I am Lounging In Lockdown, because I handed in my latest book for publication the other day. Yes, I know I have mentioned this before now but I am going to milk it for a while longer! My dear husband Marcel came home with a bottle of Blanc de Blancs. “My mother loved this,” he said. We drank it from the crystal glasses we have that are the same as the ones we gave her for Christmas a couple of years ago. Then I supposed I would have to paint it all…I was a bit daunted by the glasses, but I reminded myself that if I am always teaching good observation then it would be a fine how-d’ye-do if I wasn’t able to do likewise. And it was fun.
A few people have pre-ordered my new book already – the sketching community doesn’t hang around! – and I hope they like it when it arrives in the mail in seven months’ time. I believe that inspiration is at LEAST 50% of the battle to be the best artist you can be, so I have tried to show you moments that will make you long to grab your sketching stuff and dive in. I have tried to balance practical, simple instruction with beautiful and touching moments captured in sketches – which, by the way, are mostly of my loved ones, since that’s who I get to draw most of all.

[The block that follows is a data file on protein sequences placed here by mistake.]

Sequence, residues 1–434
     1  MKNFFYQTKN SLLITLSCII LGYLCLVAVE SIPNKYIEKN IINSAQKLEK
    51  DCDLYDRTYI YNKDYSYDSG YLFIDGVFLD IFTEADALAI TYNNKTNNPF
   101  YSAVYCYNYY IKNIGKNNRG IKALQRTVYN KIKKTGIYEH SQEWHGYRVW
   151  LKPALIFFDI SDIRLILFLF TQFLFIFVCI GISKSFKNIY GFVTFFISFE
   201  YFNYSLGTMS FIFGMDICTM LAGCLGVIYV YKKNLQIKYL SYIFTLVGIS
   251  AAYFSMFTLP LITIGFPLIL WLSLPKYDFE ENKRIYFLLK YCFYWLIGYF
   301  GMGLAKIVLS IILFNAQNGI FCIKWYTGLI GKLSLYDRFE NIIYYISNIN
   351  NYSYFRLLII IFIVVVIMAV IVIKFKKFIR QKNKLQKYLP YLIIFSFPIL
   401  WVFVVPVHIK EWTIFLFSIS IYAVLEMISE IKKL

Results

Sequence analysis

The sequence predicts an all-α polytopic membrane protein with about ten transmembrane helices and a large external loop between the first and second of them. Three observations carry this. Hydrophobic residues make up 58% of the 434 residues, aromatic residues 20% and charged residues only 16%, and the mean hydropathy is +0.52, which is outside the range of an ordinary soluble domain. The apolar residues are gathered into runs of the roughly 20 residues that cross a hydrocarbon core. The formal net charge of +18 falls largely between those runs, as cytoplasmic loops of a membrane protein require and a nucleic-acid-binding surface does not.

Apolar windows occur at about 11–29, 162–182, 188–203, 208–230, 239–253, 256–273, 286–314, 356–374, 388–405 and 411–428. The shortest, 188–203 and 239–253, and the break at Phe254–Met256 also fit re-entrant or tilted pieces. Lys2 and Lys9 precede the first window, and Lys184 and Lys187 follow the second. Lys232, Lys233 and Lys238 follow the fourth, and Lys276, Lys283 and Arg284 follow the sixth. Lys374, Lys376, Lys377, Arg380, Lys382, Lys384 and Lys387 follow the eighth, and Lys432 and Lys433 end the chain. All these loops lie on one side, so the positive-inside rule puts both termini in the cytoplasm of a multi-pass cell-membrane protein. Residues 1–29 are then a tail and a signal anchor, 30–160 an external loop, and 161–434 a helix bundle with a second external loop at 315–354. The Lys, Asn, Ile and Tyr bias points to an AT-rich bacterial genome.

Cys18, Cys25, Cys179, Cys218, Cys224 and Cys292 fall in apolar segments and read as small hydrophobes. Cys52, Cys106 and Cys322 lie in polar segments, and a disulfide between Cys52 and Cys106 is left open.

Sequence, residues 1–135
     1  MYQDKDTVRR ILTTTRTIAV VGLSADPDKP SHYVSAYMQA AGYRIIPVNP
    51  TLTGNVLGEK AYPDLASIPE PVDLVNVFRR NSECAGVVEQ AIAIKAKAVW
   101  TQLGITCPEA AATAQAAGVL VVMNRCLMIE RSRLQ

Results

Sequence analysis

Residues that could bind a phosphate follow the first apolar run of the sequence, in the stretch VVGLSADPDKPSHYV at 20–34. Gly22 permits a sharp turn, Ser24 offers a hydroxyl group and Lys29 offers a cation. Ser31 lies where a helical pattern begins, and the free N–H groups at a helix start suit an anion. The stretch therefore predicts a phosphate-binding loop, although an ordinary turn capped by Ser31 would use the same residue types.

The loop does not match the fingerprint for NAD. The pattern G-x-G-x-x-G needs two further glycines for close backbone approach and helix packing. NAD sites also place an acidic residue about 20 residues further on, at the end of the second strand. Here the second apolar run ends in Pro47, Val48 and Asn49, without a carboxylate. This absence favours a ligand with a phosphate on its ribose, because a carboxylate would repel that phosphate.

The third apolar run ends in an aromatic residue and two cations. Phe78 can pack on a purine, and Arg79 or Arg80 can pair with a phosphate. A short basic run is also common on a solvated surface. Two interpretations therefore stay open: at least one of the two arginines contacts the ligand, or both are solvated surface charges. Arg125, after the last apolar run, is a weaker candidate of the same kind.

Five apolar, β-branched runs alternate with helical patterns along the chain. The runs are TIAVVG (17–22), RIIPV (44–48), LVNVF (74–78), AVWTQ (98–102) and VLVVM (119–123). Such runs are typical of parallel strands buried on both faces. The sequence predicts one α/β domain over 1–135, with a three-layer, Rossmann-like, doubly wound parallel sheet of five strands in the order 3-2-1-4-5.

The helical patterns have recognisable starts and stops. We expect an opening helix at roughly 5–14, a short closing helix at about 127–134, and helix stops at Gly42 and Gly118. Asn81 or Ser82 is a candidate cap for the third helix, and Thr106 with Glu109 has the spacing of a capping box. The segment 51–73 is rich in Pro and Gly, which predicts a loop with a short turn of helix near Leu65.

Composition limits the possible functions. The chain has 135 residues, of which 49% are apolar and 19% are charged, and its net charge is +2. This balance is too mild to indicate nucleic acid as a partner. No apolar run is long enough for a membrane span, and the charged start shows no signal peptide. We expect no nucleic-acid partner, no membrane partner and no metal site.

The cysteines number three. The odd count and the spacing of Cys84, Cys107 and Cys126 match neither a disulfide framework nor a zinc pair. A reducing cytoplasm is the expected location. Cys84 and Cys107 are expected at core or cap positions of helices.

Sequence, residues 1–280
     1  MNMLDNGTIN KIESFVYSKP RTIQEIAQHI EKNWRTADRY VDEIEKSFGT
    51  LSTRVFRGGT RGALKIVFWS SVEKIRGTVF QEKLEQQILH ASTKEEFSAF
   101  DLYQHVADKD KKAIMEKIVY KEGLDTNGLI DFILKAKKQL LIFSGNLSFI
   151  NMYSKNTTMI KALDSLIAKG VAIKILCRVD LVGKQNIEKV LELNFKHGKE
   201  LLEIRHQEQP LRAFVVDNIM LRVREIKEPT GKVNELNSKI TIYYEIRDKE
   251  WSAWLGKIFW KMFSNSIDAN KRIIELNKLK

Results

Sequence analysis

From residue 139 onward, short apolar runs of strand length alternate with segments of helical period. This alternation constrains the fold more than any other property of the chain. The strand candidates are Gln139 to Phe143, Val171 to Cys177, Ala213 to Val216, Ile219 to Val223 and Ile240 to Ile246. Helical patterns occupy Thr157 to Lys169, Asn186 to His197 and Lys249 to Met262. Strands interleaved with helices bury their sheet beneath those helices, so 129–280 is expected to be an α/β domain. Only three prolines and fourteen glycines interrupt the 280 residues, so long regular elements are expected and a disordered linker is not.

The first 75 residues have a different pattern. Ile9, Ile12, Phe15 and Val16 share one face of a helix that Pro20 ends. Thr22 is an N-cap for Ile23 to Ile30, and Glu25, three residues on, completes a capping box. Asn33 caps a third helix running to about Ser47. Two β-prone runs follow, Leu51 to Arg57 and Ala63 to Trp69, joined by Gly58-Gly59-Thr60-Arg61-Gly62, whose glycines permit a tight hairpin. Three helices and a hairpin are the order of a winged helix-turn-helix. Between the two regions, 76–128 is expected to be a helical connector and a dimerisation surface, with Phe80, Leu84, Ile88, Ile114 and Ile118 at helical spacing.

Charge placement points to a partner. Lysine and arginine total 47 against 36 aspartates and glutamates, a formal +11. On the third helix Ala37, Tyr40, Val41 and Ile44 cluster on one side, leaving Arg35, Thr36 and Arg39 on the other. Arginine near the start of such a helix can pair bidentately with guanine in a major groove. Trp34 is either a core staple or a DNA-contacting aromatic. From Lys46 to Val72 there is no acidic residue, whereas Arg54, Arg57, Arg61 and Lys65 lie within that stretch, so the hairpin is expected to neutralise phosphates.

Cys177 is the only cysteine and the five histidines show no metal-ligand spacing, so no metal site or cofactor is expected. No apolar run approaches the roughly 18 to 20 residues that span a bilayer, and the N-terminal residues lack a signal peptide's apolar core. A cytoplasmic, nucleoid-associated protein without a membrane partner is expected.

You’re going to find out how to decide who will make a good subject; how to judge whether they’ll stick around…and then how to capture them on paper. Here’s a favourite tip: say you’re looking at a guy sitting down, looking at his phone. You aren’t sure of your proportions. You know, or have read somewhere, that a man is 7 heads high – or is it 8? – but you can only see his torso and head, so you can’t measure him properly. My trick is to go ahead and use his head as a unit anyway – but instead of just using it to measure height, use it to measure width too. He might have a chest that’s two heads long and one head wide…or whatever. In other words, use the head as a unit of measurement and fit it into his body by eye.
It’s a technique I use for everything. Everything I draw is measured by eye according to the size of the thing beside it that I have just drawn. Once you get used to this technique you will use it without thinking, and you will never need to remember any rules of perspective either, because you’re just comparing shapes. (I wish I knew this trick years ago.)
So I am a lady of leisure…for now. I have two Zoom classes up and running with a third on the way. There’s still room in Saturday’s class (4pm-6pm IST, which is 11-1pm EDT I think) and also in Wednesday’s (5pm-7pm IST). You get one class free if you buy a block of six (six classes for the price of five). If there’s still room, you can of course attend one class at a time. Just put “zoom” into the search bar in my website.
So Lounging in Lockdown is great and so is teaching art. The book, by the way, is in the Urban Sketcher’s Handbook series and is called Drawing Expressive People. And guess what – you can pre-order it!